Thursday, February 19, 2009

Tyler Perry and Chris Brown: A Teachable Moment

TwitThis




Earlier this week I was sitting in on a class about the Myth of
the Black Mammy.


Tyler Perry and the fact that his films are popular with
white
crowds and Black crowds alike came up. I mentioned
that Black comedians have a history of dressing up like
Black women begining with Red Fox and Flip Wilson.
I went on to say that in some ways it is a rights of
passage
for Black male comedians to dress like older Black women,
ridicule them.
I pointed out that these are the very women
who have held down both Black and White families
throughout history.

The professor mentioned that one of the reasons why
Tyler Perry's films are funny is because Madea says things
out loud that Black women have been saying to themselves
since forever.

The professor went on to mention how her mother told her that
if a man ever put his hands on her, that you wait until he went to sleep
and you poured boiling hot water on him. She then went on
to mention the regional differences. In New York, it was lye,
in the west it was grease, in the midwest it was hot grits,
in the south it was just using a hot iron skillet.

A white student raised her hand and mentioned that her
mother
never told her anything about what to do if a man
put his hands on her
and that in watching Madea was the
first time she heard a woman speak that way. There were
several murmurs in the class from other white women about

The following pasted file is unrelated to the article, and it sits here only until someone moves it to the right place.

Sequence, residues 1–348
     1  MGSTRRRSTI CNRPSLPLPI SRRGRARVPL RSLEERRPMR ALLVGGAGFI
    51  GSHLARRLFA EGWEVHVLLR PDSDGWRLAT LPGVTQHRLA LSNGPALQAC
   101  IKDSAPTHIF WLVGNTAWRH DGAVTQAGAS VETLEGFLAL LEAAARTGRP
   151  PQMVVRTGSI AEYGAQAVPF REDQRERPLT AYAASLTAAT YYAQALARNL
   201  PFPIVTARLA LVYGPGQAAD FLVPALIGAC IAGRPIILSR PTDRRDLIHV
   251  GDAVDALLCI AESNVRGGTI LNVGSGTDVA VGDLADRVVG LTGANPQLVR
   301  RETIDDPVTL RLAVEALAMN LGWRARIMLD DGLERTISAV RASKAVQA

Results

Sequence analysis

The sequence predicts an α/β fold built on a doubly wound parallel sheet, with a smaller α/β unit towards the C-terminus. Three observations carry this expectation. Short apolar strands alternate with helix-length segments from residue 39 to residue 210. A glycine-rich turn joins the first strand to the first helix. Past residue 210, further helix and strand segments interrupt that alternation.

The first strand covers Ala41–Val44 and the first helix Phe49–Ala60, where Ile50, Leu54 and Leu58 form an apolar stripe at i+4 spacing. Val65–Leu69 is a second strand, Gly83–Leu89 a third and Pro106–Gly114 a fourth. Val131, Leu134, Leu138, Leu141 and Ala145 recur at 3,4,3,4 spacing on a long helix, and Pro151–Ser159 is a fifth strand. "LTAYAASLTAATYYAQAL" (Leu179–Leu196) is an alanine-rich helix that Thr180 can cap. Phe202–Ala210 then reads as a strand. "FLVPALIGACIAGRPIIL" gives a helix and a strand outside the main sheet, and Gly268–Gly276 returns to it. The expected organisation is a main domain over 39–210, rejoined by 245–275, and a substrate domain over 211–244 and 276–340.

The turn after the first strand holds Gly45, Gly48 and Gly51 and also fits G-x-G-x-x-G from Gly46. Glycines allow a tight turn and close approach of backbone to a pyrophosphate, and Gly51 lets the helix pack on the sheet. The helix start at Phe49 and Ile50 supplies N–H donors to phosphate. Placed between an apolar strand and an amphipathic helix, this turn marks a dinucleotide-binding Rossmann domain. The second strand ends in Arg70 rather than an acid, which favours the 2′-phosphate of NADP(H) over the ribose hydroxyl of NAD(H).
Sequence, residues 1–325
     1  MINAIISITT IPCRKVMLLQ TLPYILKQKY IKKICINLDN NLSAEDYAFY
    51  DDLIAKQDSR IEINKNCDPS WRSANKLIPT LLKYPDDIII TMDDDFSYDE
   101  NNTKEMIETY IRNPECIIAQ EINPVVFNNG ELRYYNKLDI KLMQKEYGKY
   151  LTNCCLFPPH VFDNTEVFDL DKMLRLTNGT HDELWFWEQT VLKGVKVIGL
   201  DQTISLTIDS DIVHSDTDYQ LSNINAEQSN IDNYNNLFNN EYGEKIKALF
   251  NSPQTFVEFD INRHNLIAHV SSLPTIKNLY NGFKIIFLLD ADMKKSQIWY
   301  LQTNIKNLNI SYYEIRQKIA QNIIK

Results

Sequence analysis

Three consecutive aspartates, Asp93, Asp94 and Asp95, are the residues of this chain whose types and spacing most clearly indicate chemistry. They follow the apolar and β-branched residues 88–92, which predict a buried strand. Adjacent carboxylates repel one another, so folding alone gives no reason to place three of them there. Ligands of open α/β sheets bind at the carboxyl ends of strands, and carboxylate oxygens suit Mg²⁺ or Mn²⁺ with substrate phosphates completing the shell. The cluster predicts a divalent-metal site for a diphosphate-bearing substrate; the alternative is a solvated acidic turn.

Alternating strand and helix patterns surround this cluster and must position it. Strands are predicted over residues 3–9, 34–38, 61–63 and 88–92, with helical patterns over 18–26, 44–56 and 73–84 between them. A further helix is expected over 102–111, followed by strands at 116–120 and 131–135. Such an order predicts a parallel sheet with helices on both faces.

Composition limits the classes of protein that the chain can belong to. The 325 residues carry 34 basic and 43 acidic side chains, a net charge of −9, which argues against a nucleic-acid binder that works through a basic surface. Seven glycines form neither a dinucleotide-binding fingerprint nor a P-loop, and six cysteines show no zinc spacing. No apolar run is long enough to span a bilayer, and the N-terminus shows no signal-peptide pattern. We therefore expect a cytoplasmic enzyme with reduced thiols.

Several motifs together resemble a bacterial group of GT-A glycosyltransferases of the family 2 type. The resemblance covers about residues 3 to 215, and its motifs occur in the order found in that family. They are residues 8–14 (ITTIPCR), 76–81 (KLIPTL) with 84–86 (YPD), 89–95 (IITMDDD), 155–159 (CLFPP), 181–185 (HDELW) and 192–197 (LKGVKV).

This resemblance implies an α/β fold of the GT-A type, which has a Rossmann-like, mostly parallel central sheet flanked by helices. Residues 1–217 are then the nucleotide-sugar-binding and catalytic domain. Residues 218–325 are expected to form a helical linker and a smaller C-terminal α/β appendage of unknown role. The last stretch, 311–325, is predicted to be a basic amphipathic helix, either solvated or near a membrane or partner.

how they are beat, and that their mothers hadn't given them
a language, pep talk or pre-conditioning to understand, anticipate
or deal with it.

This was remarkable for me. In some ways I came to appreciate
the survival skills that all of our momma's have given us over
time.

Which brings me to Rihanna. I wonder if she followed her intuition.
I wonder what her mother taught her. I wonder what her dad taught her.

There is nothing like being beat. There is nothing like being beat by
a loved one.

Here is where the teachable moment comes in . Here is an opportunity
for us to get involved in the lives of young people.

We often joke about Ike beating Tina, however this photo, if it is
true, it shows us just how dehumanizing violence is.

We can't fix what happened between them, in fact we don't know
what happened between them. However, given the attention
that the issue is receiving what we can do is take care of ourselves
and be an example to our peers and to the young people that watch
how we move
.

If you want to get involved there are a few organizations that do work
around gender and violence. The UNFPA does workshops. Women
Against Domestice Violence lists workshops and shelters
. The Audre
Lorde Projects does workshops and trainings around gender violence
.


What did you feel when you saw the Rihanna photo?

Have you thought about how Eddie Murphy, Martin Lawrence,
Tyler Perry, Flip Wilson and Red Fox have all dressed up like
older Black women?

For the women, did you momma's tell you anything in terms of
what to do if a many ever hit you?

7 comments: